International Conference on Brain Disorders and Therapeutics
Dr. S. R. Chandrasekhar Institute of Speech and Hearing, India
Title: Investigation of auditory temporal processing in Broca’s aphasics with phonological paraphasia: New dimension towards temporal cue based language rehabilitation
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Biography: Daly Sebastian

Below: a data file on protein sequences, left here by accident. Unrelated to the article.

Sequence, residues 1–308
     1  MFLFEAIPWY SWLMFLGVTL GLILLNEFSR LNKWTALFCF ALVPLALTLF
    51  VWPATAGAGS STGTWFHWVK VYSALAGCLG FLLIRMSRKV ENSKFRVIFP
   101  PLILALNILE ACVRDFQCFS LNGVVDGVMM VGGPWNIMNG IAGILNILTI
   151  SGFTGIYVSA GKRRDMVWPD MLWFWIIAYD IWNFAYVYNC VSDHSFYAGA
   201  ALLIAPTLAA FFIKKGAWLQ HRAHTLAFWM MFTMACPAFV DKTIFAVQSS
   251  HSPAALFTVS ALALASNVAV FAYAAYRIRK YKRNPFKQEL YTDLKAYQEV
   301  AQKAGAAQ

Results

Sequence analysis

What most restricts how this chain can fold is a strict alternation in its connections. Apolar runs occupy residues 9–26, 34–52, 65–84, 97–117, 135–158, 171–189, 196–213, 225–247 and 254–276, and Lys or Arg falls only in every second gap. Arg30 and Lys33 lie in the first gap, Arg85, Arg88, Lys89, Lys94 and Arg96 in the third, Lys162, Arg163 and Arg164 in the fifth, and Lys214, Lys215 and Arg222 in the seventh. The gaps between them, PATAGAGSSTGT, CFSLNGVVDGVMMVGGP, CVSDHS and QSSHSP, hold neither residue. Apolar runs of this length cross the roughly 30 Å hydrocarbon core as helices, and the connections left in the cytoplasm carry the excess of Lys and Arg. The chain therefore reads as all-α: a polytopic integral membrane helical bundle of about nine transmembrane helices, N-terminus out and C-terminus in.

Introduction: Aphasia defined as a multimodal loss of language is one of the most feared symptoms of stroke. About 21– 38% of acute stroke survivors suffer from aphasia. Boca’s aphasia is a classical form of expressive aphasia. Preserved auditory comprehension, impaired repetition, nonfluent speech and lesion in the foot of the third frontal convolution (Broca’s area, Broadmann’s no. 44) are classical features of Broca’s aphasia. Aim: (1) To investigate the relationship between phonological paraphasia and auditory temporal processing deficits in persons with Brocas’s Aphasia. (2) To investigate the role of auditory temporal training for the treatment of phonological paraphasia in persons with Bocas aphasia. Method: Participants: Twenty participants with a history of ischemic stroke in the left Middle Cerebral Artery and clinically diagnosed as Brocas Aphasia were selected for the study. Twenty participants were divided into two group based on their neurolinguistic features. There were a group of 10 aphasics with semanatic paraphasia and the other 10 with phonological paraphasia. Informed consent was taken from the participants and all the procedure were strictly adhered to ethical guidelines. Stimuli: Auditory temporal processing testing was carried out using a maximum likelihood procedure toolbox, which implements an MLP in MATLAB software. The participant’s ability to detect a temporal gap in the center of a 750 msec broadband noise was measured. The noise had 0.5 msec cosine ramps at the beginning and end of the gap. In a two-interval alternate forced choice protocol was used. Phase 1: Psycho acoustic evaluation of temporal processing was done by estimating gap detection threshold (GDT). Comparison was done between the semantic paraphasia group and phonological paraphasia group. GDT of both the groups were compared with the normal age matched subjects thresholds (which was obtained for the purpose of another study). Phase 2: Phonological paraphasia group was divided into two, group A and B with five participants in each group. Group A was taken as control group and Group B was taken as experimental group. Group B was given 15 hours of auditory temporal based cue training which included speech and non-speech stimuli with difference only in durational aspects. After 15 sessions of training group A and B were tested by using Gap detection test and percentage of phonological paraphasia was also calculated. Results: There was significant difference in the GDT scores of phonological paraphasia group and semantic paraphasia group (P<0.05). Phonological paraphasia group had poor GDT scores on the right ear which is opposite to the site of lesion. However, semantic paraphasia group had values similar to the normal participants. Within group investigation of temporal cue based training indicated that there were no substantial changes in GDT and percentage of phonological paraphasia (POP) of group A. However, GDT became improved for group B and POP was also reduced. Improved temporal resolution was seen in the right ear responses of Group B. Discussion: Our findings are emphasizing the need for viewing the deficits and rehabilitation options of persons with Brocasapahasia slightly different from a conventional view. Study give insight into the need for temporal cue based assessment and treatment options for persons with Broca’s Aphasia. The reason for the poor GDT of phonological paraphasia group was tried to explain based on the nature of site of lesion and recent evidences in the role of Brocas area in speech perception. Supporting evidences were taken from current models of brain language processing claim that several temporal, parietal and frontal areas interact in order to deliver the many features of language ability. Results were also supported by experience dependent neuroplasticity based research in aphasia. Current study attempted to highlight the need for translational research in aphasia also. The study will serve as a contemporary perspective in Aphasiology.